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Newbie wanting to share [wide band rings]

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Re: Newbie wanting to share [wide band rings]

Postby kevs099 » Mon Oct 12, 2015 7:38 am

brainpan wrote:I've just read the blog by Dr Mark Griffiths and, OMG! Don't know quite what to make of "extract 6". Although I think I might have to talk to this guy sooner rather than later once I get it clear in my head how to approach this.

I have discussed my paraphilia with a psychologist but he's suggested I put it on the back burner while I deal with my more pressing problems. My APD and other social anxiety disorders. But now I guess this changes everything.


Something you may want to talk with your doctor about is having a wedding band, or any type of fetish for that matter, doesn't necessarily constitute a "Fetishistic Paraphilia Disorder"

David Porter, MA, LADC wrote:
Fetishistic Disorder DSM-5 302.81 (F65.0)

DSM-5 Category: Paraphilia

Symptoms of Fetishistic Disorder

According to the DSM-5, there are three criterion for Fetishistic Disorder, and four specifiers that can be applied:

A. Over a six month period, the individual has experienced sexual urges focused on a non-genital body part, or inanimate object, or other stimulus, and has acted out urges, fantasies, or behaviors.

B. The fantasies, urges, or behaviors cause distress, or impairment in functioning.

C. The Fetishistic object is not an article of clothing employed in cross dressing, or a sexual stimulation device, such as a vibrator.

*Specifiers for the diagnosis of Fetishistic Disorder include the type of stimulus which is the focus
of attention.
*Body Part(s) (non-genital or erogenous areas of the body - e.g.,feet or hair). This is also referred
to as to as Partialism- preoccupation with a part of the body rather than the whole person.
*Non-living Object(s) e.g. shoes or boots.
*Other- situations or activities- e.g.- smoking during sex.

Other specifiers are:

*In a controlled environment where Fetishistic Disorder cannot readily be engaged in, such as an
institutional setting.
*In remission: No distress or impairment of functioning for a five year period, exclusive of a
controlled environment (American Psychiatric Association, 2013).

Impact on Functioning

Fetishistic Disorder can impact intimate relationships. If the Fetish is absent from a sexual encounter, it can result in sexual dysfunction, such as inability to achieve or maintain an erection (American Psychiatric Association, 2013). It is noted that paraphillias in general, including fetishism, are correlated with general psychosocial impairment, including being victims of physical abuse, lower educational level, inpatient admissions mental health or substance abuse treatment, disability, unemployment, involvement with criminal justice, increased risk of STI's (Sexually Transmitted Infections) and comorbid mental health disorders (Marsh, Odlaug, Thomarios, Davis, Buchanan, Meyer, & Grant, 2010). Criminal behavior may be involved with Fetishistic Disorder, such as breaking and entering to steal articles of clothing, or unwanted contact, such as touching a a strange woman's feet in public. The individual with Fetishistic Disorder may experience guilt, shame, and humiliation if they are unable to contain their desires and act out in public.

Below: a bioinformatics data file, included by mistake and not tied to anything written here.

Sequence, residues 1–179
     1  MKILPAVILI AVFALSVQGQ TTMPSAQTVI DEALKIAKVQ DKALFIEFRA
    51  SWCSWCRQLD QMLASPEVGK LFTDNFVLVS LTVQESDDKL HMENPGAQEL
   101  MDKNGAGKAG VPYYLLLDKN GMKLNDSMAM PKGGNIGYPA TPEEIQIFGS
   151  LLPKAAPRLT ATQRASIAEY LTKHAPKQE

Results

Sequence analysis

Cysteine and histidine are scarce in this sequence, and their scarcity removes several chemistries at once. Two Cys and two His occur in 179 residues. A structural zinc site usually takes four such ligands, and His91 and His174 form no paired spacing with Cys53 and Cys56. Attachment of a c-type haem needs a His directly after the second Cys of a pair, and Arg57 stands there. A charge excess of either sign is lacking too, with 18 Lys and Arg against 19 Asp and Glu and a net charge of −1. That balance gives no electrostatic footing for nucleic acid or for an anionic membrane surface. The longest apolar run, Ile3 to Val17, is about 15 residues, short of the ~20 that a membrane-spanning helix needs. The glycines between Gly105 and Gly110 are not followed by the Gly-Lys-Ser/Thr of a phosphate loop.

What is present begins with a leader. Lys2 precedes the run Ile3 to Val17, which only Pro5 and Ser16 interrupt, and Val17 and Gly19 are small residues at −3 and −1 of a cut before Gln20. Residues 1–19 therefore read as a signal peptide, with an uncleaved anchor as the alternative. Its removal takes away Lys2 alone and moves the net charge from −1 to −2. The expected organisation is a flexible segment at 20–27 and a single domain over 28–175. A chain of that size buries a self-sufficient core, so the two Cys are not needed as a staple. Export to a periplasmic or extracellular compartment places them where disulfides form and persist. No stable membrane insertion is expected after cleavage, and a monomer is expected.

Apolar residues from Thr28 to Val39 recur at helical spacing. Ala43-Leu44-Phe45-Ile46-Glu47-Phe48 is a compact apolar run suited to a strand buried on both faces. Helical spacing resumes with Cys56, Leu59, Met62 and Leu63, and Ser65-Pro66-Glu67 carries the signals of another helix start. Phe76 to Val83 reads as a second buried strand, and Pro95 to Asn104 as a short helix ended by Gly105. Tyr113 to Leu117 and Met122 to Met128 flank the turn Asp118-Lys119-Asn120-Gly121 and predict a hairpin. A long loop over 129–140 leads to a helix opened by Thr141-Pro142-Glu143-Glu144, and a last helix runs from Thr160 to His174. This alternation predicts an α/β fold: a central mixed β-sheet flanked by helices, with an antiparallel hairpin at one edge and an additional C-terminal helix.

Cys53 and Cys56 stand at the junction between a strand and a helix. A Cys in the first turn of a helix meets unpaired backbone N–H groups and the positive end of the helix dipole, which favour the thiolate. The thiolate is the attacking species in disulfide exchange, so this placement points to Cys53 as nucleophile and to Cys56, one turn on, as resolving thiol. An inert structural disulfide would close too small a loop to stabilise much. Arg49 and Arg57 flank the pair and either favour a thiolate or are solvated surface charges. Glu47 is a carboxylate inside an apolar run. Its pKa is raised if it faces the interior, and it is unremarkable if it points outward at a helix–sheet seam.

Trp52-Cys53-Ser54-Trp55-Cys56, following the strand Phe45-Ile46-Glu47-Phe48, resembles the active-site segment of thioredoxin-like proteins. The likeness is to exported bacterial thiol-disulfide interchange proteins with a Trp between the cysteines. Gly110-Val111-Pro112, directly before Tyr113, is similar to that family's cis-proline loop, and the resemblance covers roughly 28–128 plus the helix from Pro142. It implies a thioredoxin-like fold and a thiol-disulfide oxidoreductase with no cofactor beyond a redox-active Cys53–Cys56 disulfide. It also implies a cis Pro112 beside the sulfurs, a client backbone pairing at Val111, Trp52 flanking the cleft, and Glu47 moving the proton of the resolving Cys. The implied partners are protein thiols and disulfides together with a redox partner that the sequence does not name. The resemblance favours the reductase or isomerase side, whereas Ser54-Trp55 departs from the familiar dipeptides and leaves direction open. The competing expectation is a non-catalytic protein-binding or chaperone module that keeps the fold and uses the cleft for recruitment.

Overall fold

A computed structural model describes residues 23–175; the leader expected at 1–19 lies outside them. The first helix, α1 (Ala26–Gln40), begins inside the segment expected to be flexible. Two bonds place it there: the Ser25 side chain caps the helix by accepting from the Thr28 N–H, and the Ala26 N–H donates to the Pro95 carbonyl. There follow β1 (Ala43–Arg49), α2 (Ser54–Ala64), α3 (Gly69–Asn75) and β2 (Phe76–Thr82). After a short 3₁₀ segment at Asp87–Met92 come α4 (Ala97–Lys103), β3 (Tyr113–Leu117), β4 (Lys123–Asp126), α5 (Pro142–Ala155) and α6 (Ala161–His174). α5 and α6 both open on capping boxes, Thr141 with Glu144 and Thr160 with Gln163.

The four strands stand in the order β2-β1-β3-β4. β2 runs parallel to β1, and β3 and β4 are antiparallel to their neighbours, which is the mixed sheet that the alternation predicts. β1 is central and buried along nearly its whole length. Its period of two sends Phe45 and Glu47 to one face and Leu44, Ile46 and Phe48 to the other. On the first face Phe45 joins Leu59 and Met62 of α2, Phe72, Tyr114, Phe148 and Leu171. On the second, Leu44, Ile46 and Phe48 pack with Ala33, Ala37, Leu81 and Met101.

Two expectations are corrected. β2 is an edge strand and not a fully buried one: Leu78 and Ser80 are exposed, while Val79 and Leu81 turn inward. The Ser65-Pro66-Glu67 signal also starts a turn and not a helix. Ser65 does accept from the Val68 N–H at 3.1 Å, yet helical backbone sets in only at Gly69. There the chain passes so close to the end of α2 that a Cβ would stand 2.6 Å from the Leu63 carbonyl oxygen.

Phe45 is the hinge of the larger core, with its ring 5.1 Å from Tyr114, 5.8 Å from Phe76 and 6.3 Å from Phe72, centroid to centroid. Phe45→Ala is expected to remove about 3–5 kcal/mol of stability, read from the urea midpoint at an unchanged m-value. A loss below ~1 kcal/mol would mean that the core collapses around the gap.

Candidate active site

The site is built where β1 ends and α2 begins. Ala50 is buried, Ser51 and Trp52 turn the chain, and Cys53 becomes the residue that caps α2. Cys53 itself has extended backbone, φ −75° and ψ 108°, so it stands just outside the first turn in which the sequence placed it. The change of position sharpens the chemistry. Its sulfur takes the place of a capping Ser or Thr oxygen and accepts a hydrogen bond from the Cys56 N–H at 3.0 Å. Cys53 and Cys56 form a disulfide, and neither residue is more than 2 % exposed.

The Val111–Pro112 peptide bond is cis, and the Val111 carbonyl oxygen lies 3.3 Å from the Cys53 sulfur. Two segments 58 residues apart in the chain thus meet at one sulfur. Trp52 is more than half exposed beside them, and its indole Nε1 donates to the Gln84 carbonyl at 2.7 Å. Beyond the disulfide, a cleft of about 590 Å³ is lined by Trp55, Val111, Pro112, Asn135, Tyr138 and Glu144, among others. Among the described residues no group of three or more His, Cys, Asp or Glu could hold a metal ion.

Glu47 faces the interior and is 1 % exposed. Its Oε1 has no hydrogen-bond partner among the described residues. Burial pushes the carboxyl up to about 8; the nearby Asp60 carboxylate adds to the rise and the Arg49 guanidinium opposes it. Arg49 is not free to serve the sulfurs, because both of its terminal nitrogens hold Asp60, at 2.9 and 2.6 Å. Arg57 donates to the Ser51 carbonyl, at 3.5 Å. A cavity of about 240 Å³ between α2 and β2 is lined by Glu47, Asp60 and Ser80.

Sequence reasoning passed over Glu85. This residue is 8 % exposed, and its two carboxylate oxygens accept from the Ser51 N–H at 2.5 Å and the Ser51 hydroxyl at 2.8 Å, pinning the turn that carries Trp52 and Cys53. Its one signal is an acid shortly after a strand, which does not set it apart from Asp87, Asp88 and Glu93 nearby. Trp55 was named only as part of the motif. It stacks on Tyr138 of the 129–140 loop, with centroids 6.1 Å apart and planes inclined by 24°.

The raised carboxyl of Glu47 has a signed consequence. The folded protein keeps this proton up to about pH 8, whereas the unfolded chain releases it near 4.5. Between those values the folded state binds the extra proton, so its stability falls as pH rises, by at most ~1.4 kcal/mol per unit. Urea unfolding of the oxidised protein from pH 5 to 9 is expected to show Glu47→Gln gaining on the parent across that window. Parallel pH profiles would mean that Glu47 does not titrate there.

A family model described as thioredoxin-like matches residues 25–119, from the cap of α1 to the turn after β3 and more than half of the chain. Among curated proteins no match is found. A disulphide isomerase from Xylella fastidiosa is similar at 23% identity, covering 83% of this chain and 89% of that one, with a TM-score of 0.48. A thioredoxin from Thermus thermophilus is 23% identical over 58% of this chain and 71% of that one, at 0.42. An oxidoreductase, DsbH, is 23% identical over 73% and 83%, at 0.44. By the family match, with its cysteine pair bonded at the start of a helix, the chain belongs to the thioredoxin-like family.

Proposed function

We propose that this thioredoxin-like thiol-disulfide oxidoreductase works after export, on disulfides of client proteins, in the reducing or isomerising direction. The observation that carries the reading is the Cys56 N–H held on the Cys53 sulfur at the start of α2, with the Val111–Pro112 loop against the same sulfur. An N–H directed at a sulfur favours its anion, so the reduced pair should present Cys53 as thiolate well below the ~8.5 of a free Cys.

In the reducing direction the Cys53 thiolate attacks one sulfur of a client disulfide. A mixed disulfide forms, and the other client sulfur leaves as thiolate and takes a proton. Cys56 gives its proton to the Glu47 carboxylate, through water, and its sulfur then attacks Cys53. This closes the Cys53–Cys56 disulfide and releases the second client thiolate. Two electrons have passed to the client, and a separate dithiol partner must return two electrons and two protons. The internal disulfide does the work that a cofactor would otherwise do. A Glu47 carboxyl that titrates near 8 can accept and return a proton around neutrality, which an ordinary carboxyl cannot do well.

Differential Diagnosis

There are several diagnostic rule-outs for the clinician to consider. In the DSM -5, disorders such as

Transvestic Disorder, Sexual Masochism, and Fetishistic behavior without Fetishistic Disorder (American Psychiatric Association, 2013). Tranvestic disorder specifically involves a man dressing in typical woman's clothing, whereas Fetishistic disorder would involve handling, smelling, and masturbating with an article of woman’s clothing. Woman may also wear men's clothes with little or no social stigma. Sexual Masochism involves sexual gratification from the infliction of pain or discomfort on another. An article used for Masochistic behaviors, such as a ligature for restraint, may acquire independent Fetishistic properties, but the act of restraint with a ligature during sexual activity and becoming aroused from the discomfort of ones partner is a Masochistic act, and a different diagnosis. There are also individuals who use Fetishes for sexual arousal with a partner who is agreeable to the behavior, and do not experience distress or impairment of sexual functioning, in which case the behavior does not reach the clinical threshold of a disorder.


Full text and references here http://www.theravive.com/therapedia/Fetishistic-Disorder-DSM--5-302.81-%28F65.0%29
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Re: Newbie wanting to share [wide band rings]

Postby lovegold87 » Mon Oct 12, 2015 8:43 pm

Does anyone want to join and share some photos or who would like to chat about this topic? Feel I need to talk with people with the same feelings. Also are there any women who have similar feelings?
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